So which story do we pick up in this blog?

The story Creating a hope and a future: Phumulani`s journey by Edson Mugore was produced in one of the digital storytelling workshop organized by the Learning and Networking team of SDC. It is a story about a child living with HIV/AIDS living and a teacher in Swaziland.

And by the way: When I was visiting a village on the Andean plateau in Bolivia some years back, the women were sharing their potatoes with us for the ‘coffee break’. Each women contributed to the share. The potatoes were colorful and tasty. And along came their stories…

What is your story you would like to share?

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Comments to“What does it need to pick up a story and to share it?”


  1. That’s a wonderful story about storytelling and I am wondering what is going on in digital storytelling workshops. Are these open to the public? I bet a lot of people (like me) would like to participate.

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  2. Thank you for this thoughtful and helpful reflection, Nadia. I like how you remind us of the importance of valuing stories, and how this is an essential first step. And I wholeheartedly agree that the role of listening is central to storytelling and the story production process. Your lovely story about encountering “lonely witnesses” on a walk reminded me of Agnes Varda’s film, Les Glaneurs et la Glaneuse. Storytellers can also be gleaners – noticing what is left behind and unspoken and finding ways to tell those stories, too.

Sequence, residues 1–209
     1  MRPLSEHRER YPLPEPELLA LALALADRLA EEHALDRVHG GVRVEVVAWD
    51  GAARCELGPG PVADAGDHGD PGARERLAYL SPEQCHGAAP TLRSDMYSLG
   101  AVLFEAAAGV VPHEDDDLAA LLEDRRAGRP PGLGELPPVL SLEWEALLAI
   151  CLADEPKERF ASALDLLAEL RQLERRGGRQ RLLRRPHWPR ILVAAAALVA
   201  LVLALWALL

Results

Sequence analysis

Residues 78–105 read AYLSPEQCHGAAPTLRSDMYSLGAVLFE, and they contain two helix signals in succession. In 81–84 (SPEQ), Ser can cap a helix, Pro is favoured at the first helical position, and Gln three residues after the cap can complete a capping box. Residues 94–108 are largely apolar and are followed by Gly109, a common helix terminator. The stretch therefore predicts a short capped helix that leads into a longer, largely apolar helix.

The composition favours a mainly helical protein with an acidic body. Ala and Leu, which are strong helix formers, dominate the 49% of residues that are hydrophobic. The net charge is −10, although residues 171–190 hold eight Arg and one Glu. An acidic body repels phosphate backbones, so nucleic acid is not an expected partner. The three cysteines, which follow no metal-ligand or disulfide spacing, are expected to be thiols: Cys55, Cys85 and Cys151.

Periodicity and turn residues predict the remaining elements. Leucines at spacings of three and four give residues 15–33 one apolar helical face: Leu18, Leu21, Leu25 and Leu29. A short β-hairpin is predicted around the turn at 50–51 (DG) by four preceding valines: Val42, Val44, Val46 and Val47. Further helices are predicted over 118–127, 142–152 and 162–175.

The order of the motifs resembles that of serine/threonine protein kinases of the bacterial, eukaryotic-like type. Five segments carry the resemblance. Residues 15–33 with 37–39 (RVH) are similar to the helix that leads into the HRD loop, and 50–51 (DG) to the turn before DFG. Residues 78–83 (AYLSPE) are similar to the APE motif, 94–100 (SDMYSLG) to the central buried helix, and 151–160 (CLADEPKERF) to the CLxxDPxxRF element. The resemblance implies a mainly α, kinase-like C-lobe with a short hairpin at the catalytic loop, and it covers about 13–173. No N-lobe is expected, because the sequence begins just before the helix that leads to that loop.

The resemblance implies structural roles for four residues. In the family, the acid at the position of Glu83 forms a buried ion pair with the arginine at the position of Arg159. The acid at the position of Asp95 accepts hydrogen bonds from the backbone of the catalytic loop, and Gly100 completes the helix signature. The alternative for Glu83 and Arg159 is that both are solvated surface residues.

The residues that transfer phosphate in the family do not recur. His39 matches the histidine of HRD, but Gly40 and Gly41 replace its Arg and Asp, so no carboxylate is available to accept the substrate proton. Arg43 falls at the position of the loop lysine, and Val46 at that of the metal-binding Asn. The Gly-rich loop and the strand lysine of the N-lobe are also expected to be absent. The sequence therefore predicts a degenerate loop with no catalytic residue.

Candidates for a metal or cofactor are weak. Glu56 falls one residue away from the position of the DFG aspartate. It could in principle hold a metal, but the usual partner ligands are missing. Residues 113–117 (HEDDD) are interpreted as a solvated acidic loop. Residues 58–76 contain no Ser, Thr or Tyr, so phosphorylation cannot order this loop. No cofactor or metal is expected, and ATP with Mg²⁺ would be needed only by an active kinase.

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  3. Nina Prochazka says:

    Thank you, Nadia, for this nice post.

    I would love to explore further the “caring listener” topic. How can the culture of inviting, and of sharing stories, but encouraged in a formal working environment.

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  4. Nadia von Holzen says:

    Dear Claudia, Darcy and Nina,
    thank you very much for your encouraging comments. Great storytellers taught me that storytelling starts with story listening and story spotting. And you Darcy are one of them. I realised that the art of storytelling has some silent aspects; listening to stories is not spectacular. But gleaning and harvesting is closing a circle. Offering a story is as much a gift as listening to someone’s story. Nina I would say sharing stories is indeed caring, from both sides.
    And Claudia, what we do in this workshops is not spectacular either, but what happens with the storyteller can be. Digging out a story is deep reflection and going to the essence.
    Best, Nadia

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  5. Thank you Nadia.
    One way to make stories being more read and watched, is to create the space for them. Nadia, you talk about situation of workshop or meetings. These are perfect moments for stories. – Another story telling space could be created on the SDC intranet. A place where SDC colleagues can go to and read or listen to stories. If such place could be placed prominently on the SDC Intranet (for example a “story telling” video channel where one could watch always the newest digital stories), this would promote greatly story telling within the organisation.